A Realistic Path Toward Accent Reduction

I’m not a big believer in accent elimination. A successful pronunciation lesson of mine doesn’t guarantee a 100% “native-like accent.” I support progress towards accent reduction. The end goal is clear, natural, confident pronunciation. Reducing one’s foreign accent in English is about targeting a model closely enough so that variations don’t confuse or distract the…

Thanksgiving Wishes (and one activity!)

This week I’ll take a short break from blogging. I’ll need some extra time to bake my pumpkin pies and stuff the 13-pound turkey that’s currently thawing in the fridge. To all who are celebrating Thanksgiving this Thursday, I wish you a warm and peaceful holiday. May your plate be full, may conversation be pleasant,…

Student Stumper 49: “Another” vs. “Other”

QUESTION: What’s the difference between “another” and “other”?  They’re very similar. ANSWER: Indeed, they’re similar, so the challenge is to find and remember the differences. A learner’s dictionary can help us identify rules and patterns. Then comes the hard part: we need to commit all that information to memory. Parts of Speech First, let’s look…

Tools for Generating Discussion About Generations

Something funny happens when the topic of generations comes up. People come together to discuss their similarities and differences. Those from the same generation bond over a common sense of identity. Those from different generations are interested in making comparisons. With the right atmosphere, such discussions can be positive and productive. The goal of my…

Student Stumper 48: Does the house need painting or need being painted?

QUESTION: I know I can say a house needs painting, but why can’t I say the house needs being painted? ANSWER: It’s not always easy to give a satisfactory answer to grammar questions. Sometimes a standard pattern simply must be followed, no exceptions. You learn the acceptable pattern, and like a dutiful soldier you follow…

Modals for Beginners

Modals find their way into grammar lessons at all stages of learning English. At the lower levels, it’s wise to present modal verbs in small doses, allowing time for practice and feedback. With one of my beginners, Natasha, I decided to teach “Would you like…?” for polite requests and invitations. (See beginner video lesson.) That…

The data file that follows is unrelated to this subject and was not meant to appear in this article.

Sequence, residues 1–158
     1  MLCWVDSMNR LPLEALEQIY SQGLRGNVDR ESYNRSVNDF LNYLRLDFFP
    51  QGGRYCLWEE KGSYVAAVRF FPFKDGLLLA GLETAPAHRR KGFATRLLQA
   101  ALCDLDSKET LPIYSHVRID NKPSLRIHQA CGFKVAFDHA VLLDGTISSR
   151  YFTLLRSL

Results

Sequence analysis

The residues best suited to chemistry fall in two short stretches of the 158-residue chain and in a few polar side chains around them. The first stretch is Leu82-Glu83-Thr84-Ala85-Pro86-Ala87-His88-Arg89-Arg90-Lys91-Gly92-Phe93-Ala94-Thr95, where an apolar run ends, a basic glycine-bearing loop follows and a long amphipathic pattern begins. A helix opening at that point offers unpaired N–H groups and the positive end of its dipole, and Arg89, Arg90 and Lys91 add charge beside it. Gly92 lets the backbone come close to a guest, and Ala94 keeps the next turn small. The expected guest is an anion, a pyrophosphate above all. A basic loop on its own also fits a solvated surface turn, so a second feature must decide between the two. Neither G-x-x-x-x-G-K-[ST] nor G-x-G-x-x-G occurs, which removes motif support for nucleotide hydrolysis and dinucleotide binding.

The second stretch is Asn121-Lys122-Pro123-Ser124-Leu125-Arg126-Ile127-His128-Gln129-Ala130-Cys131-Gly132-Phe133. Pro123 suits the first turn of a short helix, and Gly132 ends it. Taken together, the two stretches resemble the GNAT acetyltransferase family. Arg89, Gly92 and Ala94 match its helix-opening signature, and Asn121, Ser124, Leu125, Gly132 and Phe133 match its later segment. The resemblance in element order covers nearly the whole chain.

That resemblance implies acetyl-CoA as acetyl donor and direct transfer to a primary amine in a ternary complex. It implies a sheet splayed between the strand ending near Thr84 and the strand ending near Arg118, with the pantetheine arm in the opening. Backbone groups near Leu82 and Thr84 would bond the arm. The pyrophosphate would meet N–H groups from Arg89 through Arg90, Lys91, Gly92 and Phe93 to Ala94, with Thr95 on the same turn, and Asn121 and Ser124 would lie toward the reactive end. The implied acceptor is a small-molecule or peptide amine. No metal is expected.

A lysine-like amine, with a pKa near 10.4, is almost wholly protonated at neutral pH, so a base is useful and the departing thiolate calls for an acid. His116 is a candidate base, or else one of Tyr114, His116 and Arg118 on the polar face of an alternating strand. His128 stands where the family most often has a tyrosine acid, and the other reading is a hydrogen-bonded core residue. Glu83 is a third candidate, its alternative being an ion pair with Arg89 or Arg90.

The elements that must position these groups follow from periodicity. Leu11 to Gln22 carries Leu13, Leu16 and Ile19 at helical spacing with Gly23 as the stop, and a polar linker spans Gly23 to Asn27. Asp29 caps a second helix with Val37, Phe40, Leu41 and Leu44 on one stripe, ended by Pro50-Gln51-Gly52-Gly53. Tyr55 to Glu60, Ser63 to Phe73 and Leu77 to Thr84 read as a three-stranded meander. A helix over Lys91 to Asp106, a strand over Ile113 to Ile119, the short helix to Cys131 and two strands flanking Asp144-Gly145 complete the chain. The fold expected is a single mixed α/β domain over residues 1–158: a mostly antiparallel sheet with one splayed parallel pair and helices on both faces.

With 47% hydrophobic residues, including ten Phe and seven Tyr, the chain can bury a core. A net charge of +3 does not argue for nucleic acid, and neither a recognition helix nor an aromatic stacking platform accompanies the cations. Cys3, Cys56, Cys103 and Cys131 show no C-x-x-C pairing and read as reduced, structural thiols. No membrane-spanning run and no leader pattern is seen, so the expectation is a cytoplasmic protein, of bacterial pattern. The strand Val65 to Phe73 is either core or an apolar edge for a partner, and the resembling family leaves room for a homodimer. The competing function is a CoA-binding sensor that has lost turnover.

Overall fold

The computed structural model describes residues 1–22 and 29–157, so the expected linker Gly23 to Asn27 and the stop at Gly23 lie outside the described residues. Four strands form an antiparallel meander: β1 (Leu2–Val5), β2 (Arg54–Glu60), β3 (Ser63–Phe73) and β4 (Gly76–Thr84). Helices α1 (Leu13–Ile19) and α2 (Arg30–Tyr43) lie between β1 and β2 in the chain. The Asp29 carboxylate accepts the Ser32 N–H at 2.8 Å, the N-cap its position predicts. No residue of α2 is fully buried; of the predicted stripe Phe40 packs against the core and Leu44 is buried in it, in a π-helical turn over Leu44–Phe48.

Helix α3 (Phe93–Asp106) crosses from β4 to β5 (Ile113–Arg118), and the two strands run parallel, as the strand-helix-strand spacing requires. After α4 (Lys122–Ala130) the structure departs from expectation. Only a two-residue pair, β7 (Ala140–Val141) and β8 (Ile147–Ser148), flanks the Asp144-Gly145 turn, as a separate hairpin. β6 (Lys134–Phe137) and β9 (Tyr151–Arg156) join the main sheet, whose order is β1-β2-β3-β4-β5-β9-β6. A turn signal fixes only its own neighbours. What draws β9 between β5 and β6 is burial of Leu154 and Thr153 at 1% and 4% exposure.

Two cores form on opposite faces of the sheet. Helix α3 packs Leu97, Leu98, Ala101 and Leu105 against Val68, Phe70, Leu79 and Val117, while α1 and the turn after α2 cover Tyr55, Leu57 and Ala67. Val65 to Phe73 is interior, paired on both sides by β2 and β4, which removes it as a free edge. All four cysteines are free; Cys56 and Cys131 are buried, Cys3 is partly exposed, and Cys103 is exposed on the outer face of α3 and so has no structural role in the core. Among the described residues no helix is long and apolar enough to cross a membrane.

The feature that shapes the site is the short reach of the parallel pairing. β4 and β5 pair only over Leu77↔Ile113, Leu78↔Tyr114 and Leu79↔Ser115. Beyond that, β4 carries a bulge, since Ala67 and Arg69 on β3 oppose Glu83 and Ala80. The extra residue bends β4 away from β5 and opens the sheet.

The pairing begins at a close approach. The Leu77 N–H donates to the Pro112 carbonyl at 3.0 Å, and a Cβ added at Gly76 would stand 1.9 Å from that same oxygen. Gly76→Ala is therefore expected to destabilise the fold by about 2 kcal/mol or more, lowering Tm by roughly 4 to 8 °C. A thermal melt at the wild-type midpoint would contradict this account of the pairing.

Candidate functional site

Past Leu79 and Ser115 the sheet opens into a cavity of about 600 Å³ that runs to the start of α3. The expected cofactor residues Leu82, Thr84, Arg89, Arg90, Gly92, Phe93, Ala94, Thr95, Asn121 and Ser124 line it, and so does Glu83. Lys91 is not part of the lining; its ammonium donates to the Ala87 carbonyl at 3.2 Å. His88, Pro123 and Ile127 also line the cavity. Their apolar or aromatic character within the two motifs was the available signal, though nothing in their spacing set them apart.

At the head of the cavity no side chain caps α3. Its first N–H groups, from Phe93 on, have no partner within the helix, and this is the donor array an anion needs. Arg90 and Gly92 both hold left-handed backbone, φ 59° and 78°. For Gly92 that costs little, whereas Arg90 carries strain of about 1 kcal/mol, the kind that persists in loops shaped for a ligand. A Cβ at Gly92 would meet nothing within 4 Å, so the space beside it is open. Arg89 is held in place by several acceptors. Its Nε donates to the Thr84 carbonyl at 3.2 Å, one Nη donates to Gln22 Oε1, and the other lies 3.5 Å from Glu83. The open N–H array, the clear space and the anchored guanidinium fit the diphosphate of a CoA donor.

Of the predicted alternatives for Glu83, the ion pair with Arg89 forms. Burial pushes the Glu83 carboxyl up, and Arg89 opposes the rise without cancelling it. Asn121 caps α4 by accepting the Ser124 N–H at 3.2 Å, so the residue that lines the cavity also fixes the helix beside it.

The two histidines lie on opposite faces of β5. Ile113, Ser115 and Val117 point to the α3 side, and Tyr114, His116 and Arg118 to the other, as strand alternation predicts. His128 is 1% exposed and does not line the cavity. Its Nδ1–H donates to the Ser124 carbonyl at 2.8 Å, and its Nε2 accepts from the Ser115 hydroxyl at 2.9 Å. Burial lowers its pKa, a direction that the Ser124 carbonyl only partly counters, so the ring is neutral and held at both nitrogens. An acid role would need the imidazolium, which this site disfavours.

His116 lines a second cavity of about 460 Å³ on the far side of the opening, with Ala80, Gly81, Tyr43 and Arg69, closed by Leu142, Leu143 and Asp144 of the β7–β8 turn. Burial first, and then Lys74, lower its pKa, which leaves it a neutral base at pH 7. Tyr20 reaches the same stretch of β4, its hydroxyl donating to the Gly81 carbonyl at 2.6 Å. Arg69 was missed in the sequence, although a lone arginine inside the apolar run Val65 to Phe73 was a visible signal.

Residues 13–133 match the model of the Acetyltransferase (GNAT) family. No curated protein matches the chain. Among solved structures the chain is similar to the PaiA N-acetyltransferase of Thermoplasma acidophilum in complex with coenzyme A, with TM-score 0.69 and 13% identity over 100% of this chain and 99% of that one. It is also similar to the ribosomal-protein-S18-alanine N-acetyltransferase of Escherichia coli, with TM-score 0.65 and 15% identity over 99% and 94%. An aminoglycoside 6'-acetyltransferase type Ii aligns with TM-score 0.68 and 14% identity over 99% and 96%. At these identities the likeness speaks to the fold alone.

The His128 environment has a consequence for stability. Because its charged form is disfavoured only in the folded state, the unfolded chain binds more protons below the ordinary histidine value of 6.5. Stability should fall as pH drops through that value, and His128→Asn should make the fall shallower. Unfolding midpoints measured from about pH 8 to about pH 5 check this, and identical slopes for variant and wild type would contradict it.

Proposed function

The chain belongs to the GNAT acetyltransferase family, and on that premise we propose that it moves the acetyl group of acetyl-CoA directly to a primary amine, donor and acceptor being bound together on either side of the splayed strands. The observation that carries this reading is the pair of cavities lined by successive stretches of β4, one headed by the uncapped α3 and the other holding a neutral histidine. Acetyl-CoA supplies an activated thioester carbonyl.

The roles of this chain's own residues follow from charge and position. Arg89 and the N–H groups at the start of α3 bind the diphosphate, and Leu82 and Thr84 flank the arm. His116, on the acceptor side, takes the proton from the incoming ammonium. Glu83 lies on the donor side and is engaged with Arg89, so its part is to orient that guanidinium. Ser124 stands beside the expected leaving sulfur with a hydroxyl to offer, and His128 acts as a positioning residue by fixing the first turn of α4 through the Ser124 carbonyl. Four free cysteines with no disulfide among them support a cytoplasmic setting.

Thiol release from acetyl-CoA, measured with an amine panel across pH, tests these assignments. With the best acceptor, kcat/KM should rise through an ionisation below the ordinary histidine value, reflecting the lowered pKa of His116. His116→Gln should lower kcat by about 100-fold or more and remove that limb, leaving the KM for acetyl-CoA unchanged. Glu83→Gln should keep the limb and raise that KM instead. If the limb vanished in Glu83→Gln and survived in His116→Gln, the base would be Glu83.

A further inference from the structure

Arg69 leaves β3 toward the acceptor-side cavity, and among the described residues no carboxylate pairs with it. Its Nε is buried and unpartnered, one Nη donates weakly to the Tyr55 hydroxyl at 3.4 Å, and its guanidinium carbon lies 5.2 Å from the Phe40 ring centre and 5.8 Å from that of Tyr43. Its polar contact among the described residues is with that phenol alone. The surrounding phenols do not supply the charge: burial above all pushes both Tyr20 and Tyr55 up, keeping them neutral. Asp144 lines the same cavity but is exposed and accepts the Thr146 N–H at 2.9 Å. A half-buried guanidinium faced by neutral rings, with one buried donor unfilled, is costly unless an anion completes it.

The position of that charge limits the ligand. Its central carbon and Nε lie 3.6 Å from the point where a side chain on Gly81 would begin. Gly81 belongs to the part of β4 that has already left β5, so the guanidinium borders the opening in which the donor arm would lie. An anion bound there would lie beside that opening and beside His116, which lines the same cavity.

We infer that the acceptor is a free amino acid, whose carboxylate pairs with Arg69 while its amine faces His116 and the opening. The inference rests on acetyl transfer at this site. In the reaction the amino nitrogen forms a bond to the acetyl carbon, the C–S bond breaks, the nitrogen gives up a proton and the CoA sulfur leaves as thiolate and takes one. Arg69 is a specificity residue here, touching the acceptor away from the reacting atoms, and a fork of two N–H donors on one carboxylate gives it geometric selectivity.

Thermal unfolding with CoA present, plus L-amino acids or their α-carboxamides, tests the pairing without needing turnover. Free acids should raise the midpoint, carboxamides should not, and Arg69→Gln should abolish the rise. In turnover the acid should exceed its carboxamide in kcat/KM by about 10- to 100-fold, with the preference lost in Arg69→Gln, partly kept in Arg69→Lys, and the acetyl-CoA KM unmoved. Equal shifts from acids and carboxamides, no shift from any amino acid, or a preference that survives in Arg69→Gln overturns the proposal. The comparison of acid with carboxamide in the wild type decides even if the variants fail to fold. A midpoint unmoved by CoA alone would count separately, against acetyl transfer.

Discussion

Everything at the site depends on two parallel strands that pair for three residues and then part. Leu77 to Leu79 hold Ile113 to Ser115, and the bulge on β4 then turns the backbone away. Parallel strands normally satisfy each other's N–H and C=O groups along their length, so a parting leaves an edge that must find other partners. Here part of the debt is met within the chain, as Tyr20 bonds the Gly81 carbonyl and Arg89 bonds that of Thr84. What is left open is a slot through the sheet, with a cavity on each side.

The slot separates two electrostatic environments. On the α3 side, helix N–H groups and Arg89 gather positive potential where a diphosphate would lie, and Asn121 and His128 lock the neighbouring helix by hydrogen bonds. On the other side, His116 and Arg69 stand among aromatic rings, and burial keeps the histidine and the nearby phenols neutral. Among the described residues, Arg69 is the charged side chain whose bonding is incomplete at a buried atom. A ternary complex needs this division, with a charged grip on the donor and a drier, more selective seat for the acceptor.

Homelessness: A tough topic, but a productive talk

As part of my video series on current issues, I’ve decided to address homelessness. My upcoming video will focus on the present crisis in the U.S. However, homelessness is a problem in many countries around the world, which makes the topic familiar to many English language learners. Anytime we allow learners to tap into their…

Practice with “That” Clauses

I know that… I think that… I’m happy that… We use such sentences all the time with and without “that.” Some of your basic level students already form sentences with that clauses, not knowing they’re using complex sentences. Well, there’s no need to bog them down with terminology. However, raising awareness of sentence patterns can…

4 Variations on a Speaking Task

Do you struggle to increase student production during a speaking task? Sometimes it can be a matter of choosing the format that students feel most comfortable with. With lower level students, you also need to be sure they have enough language support to complete the task. I sometimes use templates to facilitate speaking. The templates…

Setting Students Up for Successful Conversations

Don’t you love that feeling right after you finish a productive conversation with students? I’m excited and proud when I know students stepped up and managed to engage in a conversation on a new topic. I’m even happier to know that they’re aware of their solid performance and they took pleasure in the experience. Is…

Simpler, Livelier Tasks With Comparative Adjectives

I recently shared a Basic English lesson on comparative adjectives that form with -er. As simple as this topic seems, plenty of practice is always called for. Inevitably, production requires accuracy with other grammar elements. I found my students still struggling with subject-verb agreement and singular vs. plural nouns. (Bananas are better than cherries. And…

Accidents Happen: 3 tasks to practice the past progressive

Here’s an easy, engaging way to springboard into a grammar lesson on the past tense. Write three sayings on the board. (See below.) Ask the students to vote for the one they like the best. If you wish, invite them to explain their votes. The winning statement can become a banner for a day. Simply…